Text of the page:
As I write this blog post, images of the Grand Canyon are still fresh and processing in my mind. Before we made the trip I thought I would be able to use my words to capture the immensity of the Grand Canyon. But after going, seeing, hiking in, and just staring at this natural wonder, I realize I can’t quite do it. How do you adequately explain something that is 277 miles long, at points 15 miles across, and 6000 feet deep? Furthermore this canyon is not just enormous, but incredibly beautiful. How then do you describe this wonder? A wonder so massive, an individual at the edge can see only a fraction of the entire thing.
Every year countless people visit the Grand Canyon, and the vast majority of them are in awe of it. Every year people see it for the first time and are astounded saying, “the pictures don’t do it justice.” And they’re so right. In seeing those pictures, whether on a postcard or on TV, the view has been trivialized and slightly spoiled. These images show a lesser grandeur, yet enough to give some people an excuse to not go saying, “It’s just a hole in the ground,” “It’s only a big ditch”, or even “I’ve just seen this HD picture or watched this Nat Geo documentary on my plasma screen, why do I need to go?” In the past century and a half, with the development of the photograph and with the enormous amount of social media we have today, people see these pictures and think they’ve seen the Grand Canyon. They think they’ve seen it all.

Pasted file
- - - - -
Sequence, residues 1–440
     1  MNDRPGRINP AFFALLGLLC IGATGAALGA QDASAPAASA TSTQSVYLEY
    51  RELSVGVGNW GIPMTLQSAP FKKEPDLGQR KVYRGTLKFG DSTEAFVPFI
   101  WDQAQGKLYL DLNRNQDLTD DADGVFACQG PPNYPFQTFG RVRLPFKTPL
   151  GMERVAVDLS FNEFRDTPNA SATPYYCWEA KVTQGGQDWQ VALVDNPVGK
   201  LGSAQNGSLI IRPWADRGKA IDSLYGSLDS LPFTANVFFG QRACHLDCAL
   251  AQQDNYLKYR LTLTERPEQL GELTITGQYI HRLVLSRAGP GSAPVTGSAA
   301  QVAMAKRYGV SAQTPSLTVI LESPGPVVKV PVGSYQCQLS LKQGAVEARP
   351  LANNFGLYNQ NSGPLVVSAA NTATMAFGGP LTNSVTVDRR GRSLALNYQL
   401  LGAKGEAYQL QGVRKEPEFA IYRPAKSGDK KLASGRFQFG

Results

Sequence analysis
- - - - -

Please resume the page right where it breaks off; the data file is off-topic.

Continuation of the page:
Even I had this opinion to a certain degree. However, when I first came walking briskly up a slight hill to the edge of the canyon so as to catch the sunrise, I found I was wrong. When I came to the edge of the Grand Canyon, seeing it for the first time, my sense of sight was overwhelmed by the vastness of it. In that moment I felt small. Then as the sun came up, setting the pink and purple rain clouds ablaze and turning them to molten gold, it was as if there should have been a dramatic soundtrack playing or the first note to signal the start of a concerto to accompany the glory and wonder we saw that morning.
In experiencing this wonder, I envy those Spanish explorers, those lucky few, who were the first to come upon the Grand Canyon. They had no previous image or experience with anything remotely like this, and as a result they could have been nothing but wholly and utterly amazed. I believe geologist F.E. Matthes gives an apt description in his article, The Grand Canyon of the Colorado River, when he says:
The alpine ranges of this country are equaled and exceeded in height, if not spectacular beauty, by those of other lands, but though there are elsewhere deep canyons, some of even greater depth than the Grand Canyon of the Colorado, there is not one that can match its vastness, its majesty, its ornate sculpture, and its wealth of color. Whoever stands upon the brink of the Grand Canyon beholds a spectacle unrivaled on this earth.